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Thank you NetGalley and St. Martin’s Press for providing an e-ARC in exchange for an honest review.

Synopsis: Dr. Julie Devereux is an outspoken advocate for the right to die–until a motorcycle accident leaves her fiancé, Sam Talbot, a quadriplegic. Sam begs to end of his life, but Julie sees hope in a life together. With the help of an organization that opposes physician-assisted suicide, Julie has Sam coming around to her point of view when he suddenly dies from an unexpected heart attack.An autopsy reveals that Sam died of an unusual heart defect, one seen only in those under extreme stress–in fact, it appears that Sam had been literally scared to death.

As Julie investigates similar cases, she finds a frightening pattern…and finds herself the target of disturbing threats. The more cases Julie discovers, the more the threats escalate, until she is accused of a mercy killing of her own. To clear her name and save her career, she must track down whoever is behind these mysterious deaths…but time is running out as someone has decided that killing Julie is the only way to stop her.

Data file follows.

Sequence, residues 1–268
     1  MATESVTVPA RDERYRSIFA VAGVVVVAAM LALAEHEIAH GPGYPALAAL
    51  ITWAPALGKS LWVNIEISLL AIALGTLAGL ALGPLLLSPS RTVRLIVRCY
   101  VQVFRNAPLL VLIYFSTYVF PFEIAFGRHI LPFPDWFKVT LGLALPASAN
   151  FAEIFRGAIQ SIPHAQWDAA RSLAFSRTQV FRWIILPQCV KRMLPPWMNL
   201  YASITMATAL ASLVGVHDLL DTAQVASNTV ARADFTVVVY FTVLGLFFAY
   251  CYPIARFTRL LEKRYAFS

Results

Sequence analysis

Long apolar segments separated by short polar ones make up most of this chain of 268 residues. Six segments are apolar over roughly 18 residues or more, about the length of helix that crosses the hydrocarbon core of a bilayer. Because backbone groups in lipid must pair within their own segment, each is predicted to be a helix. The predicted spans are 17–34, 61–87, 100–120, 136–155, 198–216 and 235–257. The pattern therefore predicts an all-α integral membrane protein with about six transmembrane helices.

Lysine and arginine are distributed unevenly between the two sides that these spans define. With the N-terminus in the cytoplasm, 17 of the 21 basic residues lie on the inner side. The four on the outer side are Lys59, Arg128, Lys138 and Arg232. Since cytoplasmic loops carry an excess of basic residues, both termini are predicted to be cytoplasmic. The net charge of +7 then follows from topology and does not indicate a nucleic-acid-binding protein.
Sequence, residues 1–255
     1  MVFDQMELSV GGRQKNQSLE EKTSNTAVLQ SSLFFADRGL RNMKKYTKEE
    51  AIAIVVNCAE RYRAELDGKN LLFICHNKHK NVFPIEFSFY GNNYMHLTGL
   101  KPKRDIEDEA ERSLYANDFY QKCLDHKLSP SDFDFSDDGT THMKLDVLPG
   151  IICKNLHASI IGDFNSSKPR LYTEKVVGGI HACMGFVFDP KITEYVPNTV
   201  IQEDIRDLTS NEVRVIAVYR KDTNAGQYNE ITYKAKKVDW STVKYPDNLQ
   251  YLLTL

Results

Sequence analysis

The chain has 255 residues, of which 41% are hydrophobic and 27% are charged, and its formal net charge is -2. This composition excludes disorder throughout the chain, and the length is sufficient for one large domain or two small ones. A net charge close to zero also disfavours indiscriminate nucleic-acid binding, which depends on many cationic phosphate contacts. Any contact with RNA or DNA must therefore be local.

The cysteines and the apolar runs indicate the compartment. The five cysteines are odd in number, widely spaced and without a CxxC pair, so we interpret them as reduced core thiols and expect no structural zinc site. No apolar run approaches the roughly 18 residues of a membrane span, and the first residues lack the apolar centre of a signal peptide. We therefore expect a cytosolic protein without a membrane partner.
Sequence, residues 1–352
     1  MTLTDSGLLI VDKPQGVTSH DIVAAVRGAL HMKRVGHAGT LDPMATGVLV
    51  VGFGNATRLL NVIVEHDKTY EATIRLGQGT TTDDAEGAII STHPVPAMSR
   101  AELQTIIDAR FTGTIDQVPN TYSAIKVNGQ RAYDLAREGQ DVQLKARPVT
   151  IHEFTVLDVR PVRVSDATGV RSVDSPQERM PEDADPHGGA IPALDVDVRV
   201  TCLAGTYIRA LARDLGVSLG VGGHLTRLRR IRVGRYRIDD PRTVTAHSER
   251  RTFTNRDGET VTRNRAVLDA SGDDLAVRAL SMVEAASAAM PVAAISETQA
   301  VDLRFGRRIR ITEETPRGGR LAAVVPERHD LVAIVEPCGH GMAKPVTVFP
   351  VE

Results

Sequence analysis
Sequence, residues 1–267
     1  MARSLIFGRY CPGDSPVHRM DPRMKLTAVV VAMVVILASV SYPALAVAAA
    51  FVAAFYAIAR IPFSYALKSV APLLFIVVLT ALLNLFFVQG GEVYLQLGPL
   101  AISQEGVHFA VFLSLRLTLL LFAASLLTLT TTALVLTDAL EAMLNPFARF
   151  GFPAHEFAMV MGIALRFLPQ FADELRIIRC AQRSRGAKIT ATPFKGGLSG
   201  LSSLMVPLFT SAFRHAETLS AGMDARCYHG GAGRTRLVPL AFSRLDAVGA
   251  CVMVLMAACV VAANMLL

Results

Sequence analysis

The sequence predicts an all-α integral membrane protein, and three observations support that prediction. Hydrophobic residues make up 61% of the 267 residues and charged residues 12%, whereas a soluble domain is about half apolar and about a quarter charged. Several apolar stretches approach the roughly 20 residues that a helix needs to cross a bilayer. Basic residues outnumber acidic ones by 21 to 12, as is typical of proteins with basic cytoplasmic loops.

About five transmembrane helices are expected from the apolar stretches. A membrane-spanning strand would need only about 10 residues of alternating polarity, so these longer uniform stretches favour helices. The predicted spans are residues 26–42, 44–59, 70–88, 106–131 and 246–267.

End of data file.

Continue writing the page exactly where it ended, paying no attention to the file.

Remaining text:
Michael Palmer in my mind was the king of medical thrillers and although he passed away in 2013, his equally talented son Daniel has continued his work alongside writing his own suspense novels. Mercy is an almost perfect medical thriller that takes a thorough look at physician-assisted suicide, while not taking any sides. It’s such a complex issue and there are compelling arguments made on both sides in this book. At the same time, the authors also examine the darker side of hospitals; reminding readers that they are businesses and as such, walk a thin line between profit margins and patient care. Both of the Palmers are brilliant at creating characters readers can relate to, and that’s certainly the case here. At the beginning of the story Julie is an outspoken advocate of a patient’s right to die, but after her fiancé Sam is injured so horribly in a motorcycle accident, and she sees that quadriplegics can lead fruitful lives thanks to new therapies and technology, her beliefs change. You can see how she struggles with passing that faith and hope on to Sam. Just as he’s showing signs of being willing to fight, he dies from a mysterious heart attack. From here, the story goes into full-fledged conspiracy mode with many different characters getting involved and except for a couple of them, it’s unclear who Julie should trust. This is another thing I liked about her; while she’s careful about who she brings into her inner circle, neither does she stupidly try to go it alone. She’s smart, and resourceful, and while she makes a few mistakes, they’re perfectly understandable given the circumstances. There are many twists and turns before the exciting conclusion which makes this near impossible to put down. The only criticism I have is that for about the first 1/4 of the book there’s a lot of medical terminology and it slows down the pace of the book somewhat. While I fully expected some as this is a medical thriller, this was a little much. But once you get past that the pace picks up and never slows down. Mercy is a fantastic read for both fans of the Palmers as well as readers who might be new to their novels. If you decide to try this, I recommend you pick a time when your schedule isn’t too busy because you’re not going to want to put it down!

 

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